Few of us can sit this one out. We all dance the dance of debt. Mortgages and school loans are a way of life. But when we stop to consider our car loans, home equity loans, buy-now-pay-later plans and those precious credit cards of ours, we may ask ourselves, “How did we get here?”

We started out using debt sparingly for worthwhile pursuits, like college and home ownership. But, somewhere along the way, we began acquiring debt on impulse and turning a blind eye to higher financial priorities. We made an unholy bargain. We swapped our retirement plans for regular indulgences at Target. Our kids got iPods instead of college funds. “We’ll take care of it later” became our financial strategy.

The truth is, though, that we won’t be able to take care of it later. Debt casts a long shadow. It robs us of our golden opportunity to save early. For each year that debt forces us to put off saving, the amount we’ll need to save goes up. Saving early creates a cushion that we simply cannot re-create later without a whole lot more sacrifice.

We have a choice. We can use our extra, say, $500 a month to buy a new car and service the loan for five years. Then, we’d have a 5-year-old car and no savings. Or, we could put off the car and invest the $500 at 8%. Five years later, we’d have $38,000, which grows to $120,000 in 20 years and $260,000 in 30.  Our buddy with the 5-year-old car would have to spend the next eight years at $500-a-month to just catch up. Yet, we’re now able to buy the car, continue investing, and still significantly outpace our buddy in the long run.

So, how do we go about ridding ourselves of debt we already have? Top of the list — escape the vortex of credit cards. Not only are the rates high, but interest on carried balances compounds monthly. For every month we carry a balance, we’re assessed a finance charge, which increases our balance. As our balance continues growing, so does the finance charge. It’s exponential. It may be worth using a lower interest loan — like a home equity — to pay off these balances ASAP.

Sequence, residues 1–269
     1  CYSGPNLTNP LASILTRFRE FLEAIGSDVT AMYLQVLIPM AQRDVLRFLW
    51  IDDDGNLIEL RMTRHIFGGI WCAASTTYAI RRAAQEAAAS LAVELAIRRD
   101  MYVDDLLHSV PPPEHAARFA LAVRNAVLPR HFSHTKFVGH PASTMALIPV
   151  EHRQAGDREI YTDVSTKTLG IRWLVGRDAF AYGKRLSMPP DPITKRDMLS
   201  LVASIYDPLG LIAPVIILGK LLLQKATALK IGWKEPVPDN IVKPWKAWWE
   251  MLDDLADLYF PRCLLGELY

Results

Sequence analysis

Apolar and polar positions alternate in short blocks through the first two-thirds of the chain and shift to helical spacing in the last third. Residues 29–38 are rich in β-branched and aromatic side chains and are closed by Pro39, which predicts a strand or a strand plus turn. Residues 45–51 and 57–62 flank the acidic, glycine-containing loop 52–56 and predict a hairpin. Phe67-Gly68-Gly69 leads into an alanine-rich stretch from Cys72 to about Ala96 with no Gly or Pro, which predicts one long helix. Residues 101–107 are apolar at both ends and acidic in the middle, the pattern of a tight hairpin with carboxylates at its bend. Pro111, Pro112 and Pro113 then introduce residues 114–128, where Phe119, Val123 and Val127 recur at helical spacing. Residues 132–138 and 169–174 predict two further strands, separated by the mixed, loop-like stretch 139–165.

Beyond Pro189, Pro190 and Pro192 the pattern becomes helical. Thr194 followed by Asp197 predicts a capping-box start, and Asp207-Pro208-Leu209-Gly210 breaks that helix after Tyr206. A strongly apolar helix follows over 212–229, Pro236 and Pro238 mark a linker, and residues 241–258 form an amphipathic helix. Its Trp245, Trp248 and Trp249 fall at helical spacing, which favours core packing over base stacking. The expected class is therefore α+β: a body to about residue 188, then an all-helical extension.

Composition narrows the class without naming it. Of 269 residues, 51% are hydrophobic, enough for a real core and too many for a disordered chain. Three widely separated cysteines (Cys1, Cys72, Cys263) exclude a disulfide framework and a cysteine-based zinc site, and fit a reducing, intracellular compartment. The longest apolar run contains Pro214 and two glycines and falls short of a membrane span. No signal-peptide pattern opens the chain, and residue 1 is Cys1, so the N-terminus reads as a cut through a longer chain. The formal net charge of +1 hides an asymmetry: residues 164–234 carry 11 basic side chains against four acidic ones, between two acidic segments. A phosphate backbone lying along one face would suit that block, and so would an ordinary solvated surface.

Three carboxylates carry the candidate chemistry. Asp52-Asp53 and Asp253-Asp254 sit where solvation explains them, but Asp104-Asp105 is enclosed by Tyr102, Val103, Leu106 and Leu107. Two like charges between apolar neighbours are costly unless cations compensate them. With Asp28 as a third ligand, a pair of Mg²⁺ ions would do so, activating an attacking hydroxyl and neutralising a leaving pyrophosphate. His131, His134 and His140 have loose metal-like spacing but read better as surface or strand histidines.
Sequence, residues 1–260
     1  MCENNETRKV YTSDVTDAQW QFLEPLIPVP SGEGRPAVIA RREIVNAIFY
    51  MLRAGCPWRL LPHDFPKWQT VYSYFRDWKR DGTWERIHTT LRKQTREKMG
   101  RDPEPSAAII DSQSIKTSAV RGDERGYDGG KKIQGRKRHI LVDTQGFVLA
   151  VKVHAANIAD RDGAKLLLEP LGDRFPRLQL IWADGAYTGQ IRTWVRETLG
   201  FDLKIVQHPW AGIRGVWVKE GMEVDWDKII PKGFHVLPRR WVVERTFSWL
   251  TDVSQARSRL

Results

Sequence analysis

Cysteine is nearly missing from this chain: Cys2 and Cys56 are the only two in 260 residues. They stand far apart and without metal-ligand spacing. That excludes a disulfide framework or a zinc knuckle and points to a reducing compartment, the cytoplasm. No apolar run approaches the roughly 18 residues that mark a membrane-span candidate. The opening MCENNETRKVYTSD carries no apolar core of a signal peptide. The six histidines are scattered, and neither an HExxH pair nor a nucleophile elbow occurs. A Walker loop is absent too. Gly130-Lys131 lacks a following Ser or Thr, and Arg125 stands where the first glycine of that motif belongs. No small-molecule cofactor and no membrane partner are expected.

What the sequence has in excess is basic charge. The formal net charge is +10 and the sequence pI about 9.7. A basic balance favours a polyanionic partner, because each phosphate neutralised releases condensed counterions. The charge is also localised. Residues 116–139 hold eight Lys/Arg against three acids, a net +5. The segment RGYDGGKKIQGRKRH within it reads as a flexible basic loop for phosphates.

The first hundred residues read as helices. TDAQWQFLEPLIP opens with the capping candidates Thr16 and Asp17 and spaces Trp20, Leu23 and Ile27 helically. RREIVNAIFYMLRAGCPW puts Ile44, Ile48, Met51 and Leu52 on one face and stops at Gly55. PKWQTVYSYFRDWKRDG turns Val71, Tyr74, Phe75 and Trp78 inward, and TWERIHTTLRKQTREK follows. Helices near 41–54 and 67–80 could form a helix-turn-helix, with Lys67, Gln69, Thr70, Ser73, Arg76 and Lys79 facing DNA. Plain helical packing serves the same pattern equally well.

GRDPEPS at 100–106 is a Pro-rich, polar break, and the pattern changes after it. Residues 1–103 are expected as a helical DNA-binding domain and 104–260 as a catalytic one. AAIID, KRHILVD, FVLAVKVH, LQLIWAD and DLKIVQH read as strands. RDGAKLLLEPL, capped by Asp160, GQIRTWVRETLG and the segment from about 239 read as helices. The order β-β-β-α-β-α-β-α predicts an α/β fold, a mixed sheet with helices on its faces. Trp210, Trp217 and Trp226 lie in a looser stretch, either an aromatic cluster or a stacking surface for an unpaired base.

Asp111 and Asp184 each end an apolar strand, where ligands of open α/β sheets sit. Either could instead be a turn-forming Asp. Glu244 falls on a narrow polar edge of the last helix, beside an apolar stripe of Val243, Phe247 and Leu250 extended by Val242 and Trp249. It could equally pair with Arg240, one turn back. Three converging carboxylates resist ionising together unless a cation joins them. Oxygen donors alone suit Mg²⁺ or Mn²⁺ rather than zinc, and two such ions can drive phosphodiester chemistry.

What about our very low-interest debt, like student loans? After the struggle to whittle down our higher interest debt, we tend to stop there. We hang onto lower interest items, believing we could net more by investing our extra cash rather than paying off the loan. True… but only if we actually invest the money. If it’s never earmarked for savings, it’s spent. So, we’re just left with the debt and its drag on our savings momentum.  

First the work and then the play. It’s my Grandma Reiner’s wisdom from “the old country.” It means we’re better off doing things in order of importance. Once we do the work of eliminating debt, we’re able to build financial security unfettered and make deliberate purchases with a clear conscience. Better still, we’ll gain that warm, fuzzy, though perhaps unfamiliar, feeling of financial responsibility… and integrity.   

What’s up next? Taking Stock of Your Finances.

Berry is not a Certified Financial Planner. She is the self-taught manager of her family’s finances and a cum laude graduate of Texas Tech Law School. Before making any financial decisions, evaluate all information carefully and consider consulting a financial professional.